Coffee with the Mayor date change

A Correction has been noted. The City of Marble Falls has announced Coffee with the Mayor events will begin Friday Sept. 16.

The City of Marble Falls has announced a change in a series Coffee with the Mayor events. They will begin Friday morning, Sept. 16, bright and early--7-8 a.m.--with still more to be announced.

The public is invited to "have a cup of coffee" with Marble Falls Mayor John Packer at Numinous Coffee Roasters, 714 Ranch to Market Road 1431 in Marble Falls.

The city announced the free come-and-go event and more to come on Friday, Sept. 9 as an opportunity to: "come share your thoughts and ideas about your community and hear about some of the new projects in the city."

“I am looking forward to the opportunity to meet one-on-one with our residents and learn about the issues that are important to them,” said Packer.

For citizens who have wished they had the time or freedom from family commitments to attend city council meetings, a pause for morning coffee may be the way to ask the questions that have been on their minds. Every council meeting provides an point on the agenda for public comment, but the council is not allowed to engage in a discussion that isn't spelled out on the agenda. Coffee with the Mayor may turn out to be a good place to have that exchange and a lot has gone on this year to consider.

The Marble Falls City Council on Tuesday, Sept. 6, approved the new city budget and citizens may want to know more about how money will be spent in the coming year. But the council and city staff have been in lengthy and continuing deliberation over the distribution of utility fee increases that must total a minimum of 17 percent to support close to $8 million in infrastructure project bonds. Those water and wastewater fee hikes and a revision of the Land Use Ordinance that is about to begin may spark some of the questions Packer fields.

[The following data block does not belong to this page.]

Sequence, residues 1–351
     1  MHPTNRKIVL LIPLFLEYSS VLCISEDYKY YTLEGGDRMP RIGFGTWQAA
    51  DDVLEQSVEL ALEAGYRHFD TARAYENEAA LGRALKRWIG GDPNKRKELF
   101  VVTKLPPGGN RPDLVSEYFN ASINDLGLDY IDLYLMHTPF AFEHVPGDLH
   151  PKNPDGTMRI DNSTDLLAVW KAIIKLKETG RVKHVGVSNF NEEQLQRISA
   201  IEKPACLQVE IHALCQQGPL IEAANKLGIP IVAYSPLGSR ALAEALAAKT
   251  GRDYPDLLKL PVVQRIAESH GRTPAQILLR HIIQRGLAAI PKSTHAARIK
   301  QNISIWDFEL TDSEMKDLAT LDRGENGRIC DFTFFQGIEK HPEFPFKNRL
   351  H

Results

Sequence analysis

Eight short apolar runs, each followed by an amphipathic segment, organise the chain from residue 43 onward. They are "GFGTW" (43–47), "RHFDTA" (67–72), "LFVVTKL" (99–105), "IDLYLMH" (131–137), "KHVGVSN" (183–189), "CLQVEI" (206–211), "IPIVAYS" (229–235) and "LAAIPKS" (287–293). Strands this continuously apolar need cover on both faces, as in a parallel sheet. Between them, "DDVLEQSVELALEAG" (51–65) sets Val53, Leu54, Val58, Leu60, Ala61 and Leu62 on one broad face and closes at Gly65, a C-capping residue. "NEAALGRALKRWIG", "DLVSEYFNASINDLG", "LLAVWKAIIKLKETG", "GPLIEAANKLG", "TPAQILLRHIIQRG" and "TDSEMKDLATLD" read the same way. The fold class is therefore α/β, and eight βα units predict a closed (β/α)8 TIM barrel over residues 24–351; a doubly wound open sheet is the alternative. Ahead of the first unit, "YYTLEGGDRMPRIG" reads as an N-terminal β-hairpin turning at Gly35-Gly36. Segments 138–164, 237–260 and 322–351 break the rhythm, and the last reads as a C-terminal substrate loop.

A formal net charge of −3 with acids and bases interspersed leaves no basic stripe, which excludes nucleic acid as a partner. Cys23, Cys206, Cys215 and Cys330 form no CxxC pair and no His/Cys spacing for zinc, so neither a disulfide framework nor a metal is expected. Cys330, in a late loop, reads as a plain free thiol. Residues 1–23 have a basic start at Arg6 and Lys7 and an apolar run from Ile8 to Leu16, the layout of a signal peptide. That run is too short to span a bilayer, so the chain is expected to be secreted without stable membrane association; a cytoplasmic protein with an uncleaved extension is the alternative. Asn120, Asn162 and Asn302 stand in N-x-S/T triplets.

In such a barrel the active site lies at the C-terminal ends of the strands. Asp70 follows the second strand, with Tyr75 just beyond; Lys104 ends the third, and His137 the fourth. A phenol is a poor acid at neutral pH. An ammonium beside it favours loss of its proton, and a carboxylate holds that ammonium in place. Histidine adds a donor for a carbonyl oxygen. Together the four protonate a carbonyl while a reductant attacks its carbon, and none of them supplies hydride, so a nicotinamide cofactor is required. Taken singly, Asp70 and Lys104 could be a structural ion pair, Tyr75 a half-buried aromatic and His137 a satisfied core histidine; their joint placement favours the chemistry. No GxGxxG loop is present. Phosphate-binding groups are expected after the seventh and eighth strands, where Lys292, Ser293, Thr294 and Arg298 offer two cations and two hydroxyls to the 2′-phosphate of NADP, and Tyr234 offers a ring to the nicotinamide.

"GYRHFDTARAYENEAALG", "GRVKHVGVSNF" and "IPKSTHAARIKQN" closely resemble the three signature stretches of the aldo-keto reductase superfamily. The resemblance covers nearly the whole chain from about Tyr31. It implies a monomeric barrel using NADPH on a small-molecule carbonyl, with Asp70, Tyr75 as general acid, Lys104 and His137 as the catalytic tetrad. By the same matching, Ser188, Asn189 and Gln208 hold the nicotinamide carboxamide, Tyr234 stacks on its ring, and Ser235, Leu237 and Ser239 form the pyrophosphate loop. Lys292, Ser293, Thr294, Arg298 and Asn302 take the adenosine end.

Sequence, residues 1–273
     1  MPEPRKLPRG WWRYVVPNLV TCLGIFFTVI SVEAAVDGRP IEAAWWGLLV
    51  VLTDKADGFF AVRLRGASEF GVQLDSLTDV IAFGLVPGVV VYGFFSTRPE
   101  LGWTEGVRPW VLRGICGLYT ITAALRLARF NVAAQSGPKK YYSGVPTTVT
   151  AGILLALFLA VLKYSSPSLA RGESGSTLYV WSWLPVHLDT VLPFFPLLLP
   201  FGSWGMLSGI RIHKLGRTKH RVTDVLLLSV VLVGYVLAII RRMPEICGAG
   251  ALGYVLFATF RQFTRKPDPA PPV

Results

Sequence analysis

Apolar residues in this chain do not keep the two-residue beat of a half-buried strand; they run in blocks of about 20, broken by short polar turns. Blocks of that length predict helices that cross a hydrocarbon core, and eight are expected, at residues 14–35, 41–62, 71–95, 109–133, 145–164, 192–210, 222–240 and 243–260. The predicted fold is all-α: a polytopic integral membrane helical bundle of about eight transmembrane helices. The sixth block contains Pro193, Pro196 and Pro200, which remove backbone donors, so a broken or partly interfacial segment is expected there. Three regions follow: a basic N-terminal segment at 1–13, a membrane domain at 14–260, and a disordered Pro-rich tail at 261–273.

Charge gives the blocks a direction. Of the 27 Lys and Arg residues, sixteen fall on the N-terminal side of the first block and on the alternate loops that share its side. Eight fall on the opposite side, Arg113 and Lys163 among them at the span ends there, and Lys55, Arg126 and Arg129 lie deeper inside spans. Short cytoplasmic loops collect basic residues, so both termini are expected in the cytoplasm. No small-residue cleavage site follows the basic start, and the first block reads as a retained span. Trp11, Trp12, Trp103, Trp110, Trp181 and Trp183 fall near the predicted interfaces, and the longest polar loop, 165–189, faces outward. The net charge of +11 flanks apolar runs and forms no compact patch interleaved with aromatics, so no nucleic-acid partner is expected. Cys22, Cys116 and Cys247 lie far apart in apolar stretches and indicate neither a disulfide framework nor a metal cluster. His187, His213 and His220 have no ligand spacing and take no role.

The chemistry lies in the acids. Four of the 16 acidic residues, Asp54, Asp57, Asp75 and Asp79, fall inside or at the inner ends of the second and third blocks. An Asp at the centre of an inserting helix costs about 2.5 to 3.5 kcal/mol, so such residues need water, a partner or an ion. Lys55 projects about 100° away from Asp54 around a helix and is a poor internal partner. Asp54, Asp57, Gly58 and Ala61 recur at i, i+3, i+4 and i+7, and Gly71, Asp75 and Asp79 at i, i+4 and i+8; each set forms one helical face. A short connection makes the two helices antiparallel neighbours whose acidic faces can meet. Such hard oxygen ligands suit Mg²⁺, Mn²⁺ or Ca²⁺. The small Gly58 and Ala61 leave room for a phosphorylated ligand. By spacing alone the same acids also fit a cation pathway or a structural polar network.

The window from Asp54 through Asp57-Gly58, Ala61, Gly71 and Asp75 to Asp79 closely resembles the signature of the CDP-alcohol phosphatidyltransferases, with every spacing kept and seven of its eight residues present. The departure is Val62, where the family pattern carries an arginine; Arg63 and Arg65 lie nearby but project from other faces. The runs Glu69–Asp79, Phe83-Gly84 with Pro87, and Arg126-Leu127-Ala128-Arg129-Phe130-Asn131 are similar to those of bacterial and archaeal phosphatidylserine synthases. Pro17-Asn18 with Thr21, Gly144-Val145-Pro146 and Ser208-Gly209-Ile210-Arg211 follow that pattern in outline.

As mayor, Packer frequently brings forward information from community forums, surveys and conversations and asks the council to consider matters that may become important in the long view. Citizens may want to know how such discussions have played out. For example, the council recently set aside recommendations for an ordinance to protect the city's tree canopy and heritage trees and declined to pursue regulations to support dark skies.

 

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